A View From the Claybanks
The lumber mill, town and Cabinet Mountains in the distance.
A different angle with the clay banks in the background.
A view from where the golf course is now, up Shaunassy Hill.
Bucking a tree the hard way.
J.Neils #6 coming in with logs cars from the Great Northern "Libby Logger" The GN had a siding up river at Warland where the logs were loaded at the siding, then brought down by the GN into town.
J.Neils # 6 in retirement.
#6 at the log pond.
Logging Trucks dumping into the log pond, no doubt the logging rails were pulled up by now and the ROW turned into the "Haul Road", which goes North up the Kootenai River.
Rail Cars being unloaded into the log pond.
McGiffert Log Loader.
Great Northern Empire Builder at the Libby station.
GN train rolling in just north of the Libby Station. The J Neils mill is to the right of the tracks. (St. Regis in this time frame)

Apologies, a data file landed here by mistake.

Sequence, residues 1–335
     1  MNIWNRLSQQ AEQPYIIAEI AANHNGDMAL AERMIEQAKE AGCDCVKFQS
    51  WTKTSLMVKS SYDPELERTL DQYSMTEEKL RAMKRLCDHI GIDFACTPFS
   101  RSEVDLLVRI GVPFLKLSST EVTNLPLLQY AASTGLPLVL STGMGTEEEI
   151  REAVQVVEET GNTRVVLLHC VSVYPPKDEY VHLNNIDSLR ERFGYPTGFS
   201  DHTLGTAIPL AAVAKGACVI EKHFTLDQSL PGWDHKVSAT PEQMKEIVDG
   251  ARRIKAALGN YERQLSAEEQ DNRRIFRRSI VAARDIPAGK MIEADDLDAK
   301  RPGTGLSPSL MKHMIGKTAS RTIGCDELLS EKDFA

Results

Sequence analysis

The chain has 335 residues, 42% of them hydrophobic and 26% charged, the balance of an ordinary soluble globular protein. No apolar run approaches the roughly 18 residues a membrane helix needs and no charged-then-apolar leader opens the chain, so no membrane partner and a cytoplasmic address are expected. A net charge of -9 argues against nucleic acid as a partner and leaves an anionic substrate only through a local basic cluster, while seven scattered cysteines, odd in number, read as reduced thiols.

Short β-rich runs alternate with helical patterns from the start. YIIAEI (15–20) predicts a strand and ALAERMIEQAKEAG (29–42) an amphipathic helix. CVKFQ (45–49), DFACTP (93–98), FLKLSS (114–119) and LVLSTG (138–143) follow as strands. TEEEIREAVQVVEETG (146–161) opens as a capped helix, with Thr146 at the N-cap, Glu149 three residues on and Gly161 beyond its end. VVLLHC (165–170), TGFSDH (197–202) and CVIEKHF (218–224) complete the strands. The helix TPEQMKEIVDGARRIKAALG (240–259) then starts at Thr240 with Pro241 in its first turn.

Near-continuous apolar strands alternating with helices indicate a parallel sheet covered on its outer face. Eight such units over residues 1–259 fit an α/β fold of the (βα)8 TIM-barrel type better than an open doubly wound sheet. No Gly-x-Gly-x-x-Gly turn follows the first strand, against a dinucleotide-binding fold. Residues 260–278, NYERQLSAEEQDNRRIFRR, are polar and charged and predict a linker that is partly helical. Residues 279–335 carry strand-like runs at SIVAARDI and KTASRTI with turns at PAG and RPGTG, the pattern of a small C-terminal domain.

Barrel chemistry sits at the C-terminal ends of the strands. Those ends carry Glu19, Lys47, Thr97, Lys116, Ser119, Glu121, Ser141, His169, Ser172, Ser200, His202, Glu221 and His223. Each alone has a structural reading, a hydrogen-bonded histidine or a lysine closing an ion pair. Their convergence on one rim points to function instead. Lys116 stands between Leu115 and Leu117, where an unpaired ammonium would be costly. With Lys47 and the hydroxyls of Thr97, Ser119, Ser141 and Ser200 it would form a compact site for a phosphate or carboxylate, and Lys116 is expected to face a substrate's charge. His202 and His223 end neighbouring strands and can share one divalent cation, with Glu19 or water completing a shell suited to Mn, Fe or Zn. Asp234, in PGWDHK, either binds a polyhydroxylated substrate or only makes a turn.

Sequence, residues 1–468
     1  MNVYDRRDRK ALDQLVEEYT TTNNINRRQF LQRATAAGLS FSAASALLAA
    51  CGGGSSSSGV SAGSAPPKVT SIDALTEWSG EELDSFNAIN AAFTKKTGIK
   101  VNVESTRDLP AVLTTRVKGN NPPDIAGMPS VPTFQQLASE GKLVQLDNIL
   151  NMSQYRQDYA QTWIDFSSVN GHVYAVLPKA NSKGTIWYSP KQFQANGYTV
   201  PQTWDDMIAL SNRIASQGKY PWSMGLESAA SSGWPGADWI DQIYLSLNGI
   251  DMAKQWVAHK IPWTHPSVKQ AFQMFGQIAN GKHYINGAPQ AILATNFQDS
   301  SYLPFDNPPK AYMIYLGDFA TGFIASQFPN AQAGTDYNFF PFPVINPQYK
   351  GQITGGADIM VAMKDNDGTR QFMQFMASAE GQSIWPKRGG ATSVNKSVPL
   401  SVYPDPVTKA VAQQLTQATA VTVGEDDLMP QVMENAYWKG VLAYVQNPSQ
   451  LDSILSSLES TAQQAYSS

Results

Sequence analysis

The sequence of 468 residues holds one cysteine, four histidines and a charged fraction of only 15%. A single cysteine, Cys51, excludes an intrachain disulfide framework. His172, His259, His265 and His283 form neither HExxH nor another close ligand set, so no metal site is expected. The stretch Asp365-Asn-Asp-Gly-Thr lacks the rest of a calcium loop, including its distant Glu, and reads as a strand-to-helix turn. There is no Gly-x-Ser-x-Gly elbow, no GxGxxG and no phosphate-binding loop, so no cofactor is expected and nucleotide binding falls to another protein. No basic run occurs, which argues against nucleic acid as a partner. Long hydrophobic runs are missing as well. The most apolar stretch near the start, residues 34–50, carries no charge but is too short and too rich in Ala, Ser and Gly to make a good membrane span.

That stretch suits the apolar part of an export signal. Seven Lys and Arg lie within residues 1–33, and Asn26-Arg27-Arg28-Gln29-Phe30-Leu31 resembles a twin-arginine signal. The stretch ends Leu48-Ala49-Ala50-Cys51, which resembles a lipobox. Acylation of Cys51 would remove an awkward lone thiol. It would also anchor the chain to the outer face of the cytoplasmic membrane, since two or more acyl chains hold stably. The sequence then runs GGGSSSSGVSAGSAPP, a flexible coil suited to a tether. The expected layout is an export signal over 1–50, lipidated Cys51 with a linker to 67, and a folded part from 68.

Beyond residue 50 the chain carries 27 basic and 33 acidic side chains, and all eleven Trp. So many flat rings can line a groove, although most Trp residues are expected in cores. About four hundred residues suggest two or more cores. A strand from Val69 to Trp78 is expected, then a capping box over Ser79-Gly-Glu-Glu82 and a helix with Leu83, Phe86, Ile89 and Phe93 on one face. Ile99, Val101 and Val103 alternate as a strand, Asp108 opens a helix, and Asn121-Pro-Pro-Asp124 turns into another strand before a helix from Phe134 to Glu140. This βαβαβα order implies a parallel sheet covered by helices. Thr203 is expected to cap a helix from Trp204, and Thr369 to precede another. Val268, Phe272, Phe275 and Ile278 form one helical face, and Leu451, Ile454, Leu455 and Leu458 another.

Train crossing the bridge over Libby Creek.
Just above and to the right of this picture is the mill bridge that was used by logging trucks to go up Pipe Creek, the bridge originally carried log trains across the Kootenai River.
A classic picture of back when the sn-1643 sat on East Spruce Street just outside the main gate to the mill in Libby.
The gentlemen in the picture are all tied to this locomotive, the person sixth from the left is my great grandfather, and the fourth from the left is his son, and my grandfather, both engineers and fireman in their careers at J.Neils.
The classic J. Neils Lumber Company view as I remember it when I was very young, although this picture is most likely (according to my father, taken sometime in the late 1950's. My father also worked in the pole yard on the narrow gauge railroad before it closed. It was in the area of the large orange crane right of center. This crane toppled over in an accident in the mid 1960's and was scrapped.
This is dedicated to the hundreds of people who worked for J.Neils and later St.Regis Lumber Company. It was a great time in Libby's history. Because these two companies understood the need to replenish the forest once they harvested. They were implementing good forest management long before it came in "vogue". Unfortunately, for many reasons, the mill is gone, and the town struggles to survive. Those jobs all went to Canada.